Schwester Felicia Schwester Felicia

Oak and Rowan, Holly, Ivy

Oak and Rowan, Holly, Ivy

I'm just a new bardlet from Mare Am
and I know that in standing here, lucky I am
to be singing for you here the eve of your feast
I'm hoping you'll like my tale, or listen at least.

The story I'll tell is a tale of the past
with honour and magic and love that would last
to the end of a tree's life, to the end of the earth,
and how the birth of a forest came out of a curse.

Oak and rowan, holly, ivy, la da da da da...
Oak and rowan, holly, ivy, la da da da da.

A maiden there once was full fair and renowned
for her beauty was matchless 'twas said all around.
She lived in a forest, she lived there alone.
chaste, silent, and graceful, lovers she had none.

There was too a knight both gentle and good
who loved that maiden who lived in the wood
He thought to woo her and thus win her hand
To bring her back home to rule in his land.

Oak and rowan, holly, ivy, la da da da da...
Oak and rowan, holly, ivy, la da da da da.

The knight rode to woo the maiden in green
and 'twas true she was fairer than the fairest he'd seen.
She wore a green dress; her hair was dark brown,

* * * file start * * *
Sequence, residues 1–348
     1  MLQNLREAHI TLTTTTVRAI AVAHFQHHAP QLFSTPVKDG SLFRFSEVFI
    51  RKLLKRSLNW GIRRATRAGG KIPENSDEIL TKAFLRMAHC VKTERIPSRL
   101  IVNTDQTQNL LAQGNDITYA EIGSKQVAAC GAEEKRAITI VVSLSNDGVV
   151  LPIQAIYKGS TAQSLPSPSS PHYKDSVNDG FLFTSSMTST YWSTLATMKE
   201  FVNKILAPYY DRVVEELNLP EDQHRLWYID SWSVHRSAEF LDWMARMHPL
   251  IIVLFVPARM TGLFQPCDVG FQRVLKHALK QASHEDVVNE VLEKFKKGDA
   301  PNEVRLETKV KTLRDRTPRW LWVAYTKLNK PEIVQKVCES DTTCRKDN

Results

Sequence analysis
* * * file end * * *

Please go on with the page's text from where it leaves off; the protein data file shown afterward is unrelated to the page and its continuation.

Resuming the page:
in her eyes were the colours of the forest surround.

The knight and the maiden they went for a walk.
The lady was silent while the good knight did talk
of his wondrous city, of his love for her
for if she could but see these, he'd crown her, he was sure.

Oak and rowan, holly, ivy, la da da da da...
Oak and rowan, holly, ivy, la da da da da.

The knight said, "Good maiden, I've heard of your fame.
To dwell all alone here to me seems a shame.
Come hither with me to my city of gold,
these hands they will crown you, these arms you enfold."

Our hero was hopeful, he fell to his knees
said, "Lady, I swear 'tis my true wish to please
you will all of my being, with all of my heart.
Vouchsafe me some guideword so I know where to start."

Oak and rowan, holly, ivy, la da da da da...
Oak and rowan, holly, ivy, la da da da da.

The knight spread his arms wife in gentle entreat,
looked up at the maiden from down at her feet,
"Fair lovely green woman, speak you unto me,
as you command me, so mote it be!"

"Your beauty surrounds me, roots me to the spot.
My limbs reaching upward by the dark green earth taught
to shelter your fair skin from the heat of the sun
and the bite of the wind, forever anon."

Oak and rowan, holly, ivy, la da da da da...
Oak and rowan, holly, ivy, la da da da da.

At the end of our tale lives the maiden in green
alone in her forest in her house between
two great old oak trees, majestic and tall,
with deep dark green ivy all climbing the wall.

Holly and rowan they grow there as well
some younger, some older, their stories to tell
only to that young maiden who wears the green fress,
and you'd better not court her or visit unless


Oak and rowan, holly, ivy, she said this to me,
Oak and rowan, holly, ivy, is what you'd rather be.

Oak and rowan, holly, ivy, I share this with thee,
Oak and rowan, holly, ivy, is what you'd rather be.

Ysolt Pais de cuer
July 1999
mka Laura Knappenberger, all rights reserved.

Posted by: Ysolt Pais de cuer on 3/24/2019

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